1Q Gold Demand Hits Lowest Level In 10 Years - WGC
Gold demand dropped 7% year-on-year in the first quarter to 973 tonnes - a level last seen in the first quarter of 2008, the WGC said in its Gold Demand Trends report that was released on Thursday.
The WGC blamed poor gold-bar demand as well as disinterest in gold-backed exchange-traded funds (ETFs) for the “quiet” start to the year.
“A subdued gold-price environment hampered demand,” said the report. Data was provided to the WGC by the consultancy Metals Focus.
Global investments into gold bars and coins dropped 15% to 254.9 tonnes, led by poor figures coming out of China, Germany and the U.S.
ETFs saw inflows of 32 tonnes in the January-March period, down 66% from last year’s first quarter. The biggest moves came from the North American-listed ETFs, but most gains were offset by European- and Asian-listed funds.
Global jewelry demand was also unimpressive, edging down 1%, with only 488 tonnes added in the first quarter. The sector was dragged down by Indian consumers feeling the pressure of higher gold prices and a weakening rupee, with local demand down 12%.
But, the WGC noted that Chinese and American jewelry markets saw an improvement, with the latter reporting the highest results in nine years.
Central Banks’ Gold Buying Spikes 42%
The bright spot in the report was central banks continuing their efforts to expand reserves. This time around, the banks added 116 tonnes, up 42% from the first quarter of 2017, the gold-focused organization reported.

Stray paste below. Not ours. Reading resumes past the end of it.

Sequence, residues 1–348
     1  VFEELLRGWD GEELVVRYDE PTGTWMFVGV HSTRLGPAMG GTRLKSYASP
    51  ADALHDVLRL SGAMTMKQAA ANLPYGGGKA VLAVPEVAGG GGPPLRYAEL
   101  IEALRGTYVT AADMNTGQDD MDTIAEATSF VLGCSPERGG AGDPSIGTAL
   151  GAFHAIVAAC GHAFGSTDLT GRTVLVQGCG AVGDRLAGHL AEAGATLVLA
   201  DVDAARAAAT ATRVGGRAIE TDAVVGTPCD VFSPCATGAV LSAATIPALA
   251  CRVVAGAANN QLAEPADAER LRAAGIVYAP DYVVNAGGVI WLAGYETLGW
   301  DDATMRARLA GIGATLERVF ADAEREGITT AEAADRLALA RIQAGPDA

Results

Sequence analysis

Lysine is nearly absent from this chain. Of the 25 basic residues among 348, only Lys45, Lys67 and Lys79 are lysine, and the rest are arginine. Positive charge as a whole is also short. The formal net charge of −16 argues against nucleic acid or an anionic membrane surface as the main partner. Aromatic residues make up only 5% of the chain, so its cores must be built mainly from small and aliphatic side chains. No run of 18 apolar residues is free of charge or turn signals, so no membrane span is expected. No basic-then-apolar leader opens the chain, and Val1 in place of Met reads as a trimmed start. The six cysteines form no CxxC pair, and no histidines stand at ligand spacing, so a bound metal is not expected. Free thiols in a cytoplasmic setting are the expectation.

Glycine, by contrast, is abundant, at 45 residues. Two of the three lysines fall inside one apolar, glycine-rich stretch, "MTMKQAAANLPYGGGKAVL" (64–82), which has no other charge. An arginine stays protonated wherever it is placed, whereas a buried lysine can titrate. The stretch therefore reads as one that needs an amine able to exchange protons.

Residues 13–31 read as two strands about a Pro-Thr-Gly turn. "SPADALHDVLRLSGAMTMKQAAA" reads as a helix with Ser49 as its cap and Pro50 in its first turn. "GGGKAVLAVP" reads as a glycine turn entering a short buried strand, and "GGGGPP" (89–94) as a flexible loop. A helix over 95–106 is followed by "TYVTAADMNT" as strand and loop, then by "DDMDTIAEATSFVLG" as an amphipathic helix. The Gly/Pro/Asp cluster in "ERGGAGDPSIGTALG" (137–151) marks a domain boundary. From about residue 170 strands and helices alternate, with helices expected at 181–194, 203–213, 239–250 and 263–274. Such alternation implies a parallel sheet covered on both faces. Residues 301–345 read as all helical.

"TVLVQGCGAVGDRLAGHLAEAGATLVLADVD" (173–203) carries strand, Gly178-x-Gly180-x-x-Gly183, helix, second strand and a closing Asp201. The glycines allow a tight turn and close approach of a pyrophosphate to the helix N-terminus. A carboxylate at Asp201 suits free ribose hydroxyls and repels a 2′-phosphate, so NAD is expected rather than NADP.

“This was the highest Q1 total for four years and in line with average quarterly purchases since Q2 2010 of 115 tonnes. Russia, Turkey and Kazakhstan again dominated the list of central banks buying gold, adding 91 tonnes between them,” the report stated.
Also, use of gold in the technology sector continued to improve, rising 4%, led by the wireless sector, which employed 3D sensors for facial recognition.
‘Stable’ Environment For Gold
Alistair Hewitt, the WGC’s head of market intelligence, described the overall environment for gold as “stable” during the first quarter.
“Although demand was down year-on-year, we saw encouraging levels of jewelry demand in China, the U.S. and Europe, continued growth in the technology sector, and steady inflows into ETFs, albeit at a slower pace than last year. Solid inflows into central-bank reserves also highlight the ongoing relevance of gold as a strategic asset for institutional investors,” Hewitt said in a press release.
The supply side of the equation advanced to 1,064 tonnes in the first quarter, up 3% on increased mine production. “Mine production and recycling levels both saw fractional increases compared with Q1 2017, at 770 tonnes and 288 tonnes respectively,” the report specified.